If you’re young, retirement seems so far away. If you’re older, not so much. Either way, you should have set goals when it comes to your retirement. Afterall, you don’t want to work forever and if you’re not saving now, you just might have to. Even if you can’t contribute too much into a retirement plan, such as an IRA or 401(k), you should contribute something. Here are a few tips to help reaching your retirement goals.
First off is to contribute to an IRA. Anyone can do this as long as you have earned income for the year. This can come from a salary, contracting income or from a business. The maximum you can contribute to an IRA for 2013 is $5,500 plus an additional $1,000 if you are at least age 50. The advantages of an IRA include tax-deferred growth of your contributions, a tax deduction if you qualify and a broad assortment of investment opportunities.
Further, you should set up automatic transfers to fund your IRA. If your financial institution allows it, you can set a schedule for how much and when money is transferred into your IRA. When done automatically, you won’t forget to contribute to the plan. If your IRA holder does not allow this, you may want to find one that does. It makes saving that much easier.
Next, you should diversify your savings between tax-deferred, tax-free and taxable accounts. You never know what may or may not happen with taxes down the road so it’s best to not put all your eggs in one basket. As mentioned, traditional IRAs are tax-deferred meaning you don’t pay taxes on your contributions. When you withdraw the money during retirement, you pay the taxes on the principle as well as the earnings. Roth IRAs are tax-free plans. They are funded with after-tax money. The advantage is that all withdrawals are tax-free during retirement. Note that there are income limits for opening a Roth account. If you are above the threshold, you may make nondeductible contributions to a traditional plan and then roll them into a Roth if you so choose.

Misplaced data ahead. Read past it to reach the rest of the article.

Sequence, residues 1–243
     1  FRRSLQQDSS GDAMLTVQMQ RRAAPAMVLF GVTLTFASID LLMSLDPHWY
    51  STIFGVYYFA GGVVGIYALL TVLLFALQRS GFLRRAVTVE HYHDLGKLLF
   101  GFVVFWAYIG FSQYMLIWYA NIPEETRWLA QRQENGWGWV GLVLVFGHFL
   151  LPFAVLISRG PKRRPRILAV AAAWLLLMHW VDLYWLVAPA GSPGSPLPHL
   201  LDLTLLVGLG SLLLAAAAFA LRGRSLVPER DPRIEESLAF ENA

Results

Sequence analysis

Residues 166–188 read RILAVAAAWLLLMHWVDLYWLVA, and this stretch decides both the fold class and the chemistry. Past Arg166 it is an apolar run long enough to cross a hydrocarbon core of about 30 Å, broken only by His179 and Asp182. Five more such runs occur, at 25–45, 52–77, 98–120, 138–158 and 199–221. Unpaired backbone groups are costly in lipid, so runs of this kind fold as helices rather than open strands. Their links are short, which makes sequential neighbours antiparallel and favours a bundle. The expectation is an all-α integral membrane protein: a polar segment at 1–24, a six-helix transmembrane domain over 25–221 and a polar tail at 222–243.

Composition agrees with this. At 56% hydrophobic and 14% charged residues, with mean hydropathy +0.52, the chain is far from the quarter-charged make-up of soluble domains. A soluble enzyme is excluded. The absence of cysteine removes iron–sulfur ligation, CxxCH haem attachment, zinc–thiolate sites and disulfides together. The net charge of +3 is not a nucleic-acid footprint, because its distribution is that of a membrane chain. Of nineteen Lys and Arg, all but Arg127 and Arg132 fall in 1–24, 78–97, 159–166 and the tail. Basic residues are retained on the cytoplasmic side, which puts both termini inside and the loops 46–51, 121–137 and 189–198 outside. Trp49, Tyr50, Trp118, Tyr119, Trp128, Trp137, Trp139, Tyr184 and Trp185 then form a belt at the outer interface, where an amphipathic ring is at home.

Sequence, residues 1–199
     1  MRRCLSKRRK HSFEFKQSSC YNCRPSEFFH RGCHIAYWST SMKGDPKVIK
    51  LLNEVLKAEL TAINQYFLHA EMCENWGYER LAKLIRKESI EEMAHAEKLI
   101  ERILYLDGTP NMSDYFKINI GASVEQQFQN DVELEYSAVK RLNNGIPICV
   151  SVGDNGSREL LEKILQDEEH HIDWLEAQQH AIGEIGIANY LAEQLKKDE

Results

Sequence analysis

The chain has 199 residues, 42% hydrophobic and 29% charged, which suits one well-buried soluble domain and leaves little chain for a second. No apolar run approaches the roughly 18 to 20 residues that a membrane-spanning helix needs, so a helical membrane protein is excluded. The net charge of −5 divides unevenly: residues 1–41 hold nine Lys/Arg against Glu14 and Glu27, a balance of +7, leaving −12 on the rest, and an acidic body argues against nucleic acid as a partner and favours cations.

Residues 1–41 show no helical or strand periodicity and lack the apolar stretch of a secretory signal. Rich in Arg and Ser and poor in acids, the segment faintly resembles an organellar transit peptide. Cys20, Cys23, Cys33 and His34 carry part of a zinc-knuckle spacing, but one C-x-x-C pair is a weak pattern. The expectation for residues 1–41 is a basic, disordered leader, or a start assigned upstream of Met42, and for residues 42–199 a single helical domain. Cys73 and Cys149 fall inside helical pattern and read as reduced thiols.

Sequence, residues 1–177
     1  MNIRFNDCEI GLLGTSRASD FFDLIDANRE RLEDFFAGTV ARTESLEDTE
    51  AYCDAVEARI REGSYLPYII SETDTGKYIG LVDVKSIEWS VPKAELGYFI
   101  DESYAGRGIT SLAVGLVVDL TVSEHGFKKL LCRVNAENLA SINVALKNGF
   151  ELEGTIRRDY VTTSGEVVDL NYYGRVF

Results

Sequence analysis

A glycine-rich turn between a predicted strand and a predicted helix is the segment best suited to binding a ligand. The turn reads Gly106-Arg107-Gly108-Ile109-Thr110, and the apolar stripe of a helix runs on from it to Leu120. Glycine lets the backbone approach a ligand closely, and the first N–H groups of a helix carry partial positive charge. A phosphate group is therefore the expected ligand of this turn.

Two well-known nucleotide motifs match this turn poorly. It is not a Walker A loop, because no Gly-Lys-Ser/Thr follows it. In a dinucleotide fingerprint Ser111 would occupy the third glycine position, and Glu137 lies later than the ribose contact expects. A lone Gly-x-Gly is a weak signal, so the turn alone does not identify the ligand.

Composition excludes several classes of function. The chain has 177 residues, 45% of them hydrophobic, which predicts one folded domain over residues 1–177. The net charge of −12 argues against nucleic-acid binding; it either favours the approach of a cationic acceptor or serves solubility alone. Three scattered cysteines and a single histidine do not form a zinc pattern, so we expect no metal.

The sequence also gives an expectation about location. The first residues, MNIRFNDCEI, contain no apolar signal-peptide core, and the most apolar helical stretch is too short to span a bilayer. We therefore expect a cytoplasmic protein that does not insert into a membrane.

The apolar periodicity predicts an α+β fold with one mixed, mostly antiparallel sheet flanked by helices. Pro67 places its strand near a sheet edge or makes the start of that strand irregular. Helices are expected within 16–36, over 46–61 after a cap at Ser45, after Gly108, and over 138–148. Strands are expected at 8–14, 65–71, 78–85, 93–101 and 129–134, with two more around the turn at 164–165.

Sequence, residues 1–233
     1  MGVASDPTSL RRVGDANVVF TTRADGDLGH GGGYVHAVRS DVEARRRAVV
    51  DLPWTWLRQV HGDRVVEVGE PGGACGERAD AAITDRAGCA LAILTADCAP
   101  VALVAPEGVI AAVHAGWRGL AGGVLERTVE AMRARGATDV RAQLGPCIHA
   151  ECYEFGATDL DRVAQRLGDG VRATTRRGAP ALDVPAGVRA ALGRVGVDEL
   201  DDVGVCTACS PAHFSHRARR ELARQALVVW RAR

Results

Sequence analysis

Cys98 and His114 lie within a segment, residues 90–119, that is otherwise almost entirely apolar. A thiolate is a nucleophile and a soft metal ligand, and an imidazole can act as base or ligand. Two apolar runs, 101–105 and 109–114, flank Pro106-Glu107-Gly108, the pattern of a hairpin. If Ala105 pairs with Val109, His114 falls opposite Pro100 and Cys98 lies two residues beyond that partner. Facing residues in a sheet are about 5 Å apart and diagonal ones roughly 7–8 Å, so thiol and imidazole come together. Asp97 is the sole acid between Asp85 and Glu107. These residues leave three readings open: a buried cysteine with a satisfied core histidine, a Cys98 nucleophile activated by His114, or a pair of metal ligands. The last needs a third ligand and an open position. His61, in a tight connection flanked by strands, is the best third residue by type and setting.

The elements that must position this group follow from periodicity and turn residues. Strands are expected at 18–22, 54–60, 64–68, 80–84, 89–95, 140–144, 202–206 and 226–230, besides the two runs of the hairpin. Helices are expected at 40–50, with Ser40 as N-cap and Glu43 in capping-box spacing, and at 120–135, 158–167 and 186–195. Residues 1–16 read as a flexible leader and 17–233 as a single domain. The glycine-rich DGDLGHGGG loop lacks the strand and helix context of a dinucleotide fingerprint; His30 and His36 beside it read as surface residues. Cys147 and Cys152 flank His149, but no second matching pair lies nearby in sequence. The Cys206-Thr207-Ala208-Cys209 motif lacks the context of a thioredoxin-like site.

Roth IRAs offer a great many benefits which include tax-free withdrawals, no required minimum distributions (RMD), easy access to contributions, contribute as long as you want, not matter your age and is a great estate planning tool. Check out our recent articles on Roth IRAs here.
It’s also important to know what will happen in the case of your death. You should always keep your designated beneficiaries up to date with all your retirement plans. This is especially true if you go through a major life change such as marriage, divorce or childbirth. Note that your beneficiary designations will supersede what’s in your will.
Rebalance, rebalance, rebalance! We cannot stress this enough. Your investment strategy determines your asset allocation strategy. This is based on many factors including age, retirement goals and risk tolerance. As these (and other factors) change, so should your asset allocation. One factor that is out of your control is the markets’ ups and downs. Your asset allocation shifts based on their market performance which can unbalance your investments. It’s important to rebalance them from time to time to make sure you’re not taking on too much (or too little) risk.
Lastly, you should look to consolidate your retirement plans. Most people will go through several jobs before finding the right fit. If so, you probably have old 401(k) plans that you might not be following closely or may not be invested the way you want it to be at this stage of your life. It’s best to take those old plans and merge them into one plan that you watch regularly. That way, your investments will be working together to provide you the best chance at a successful retirement.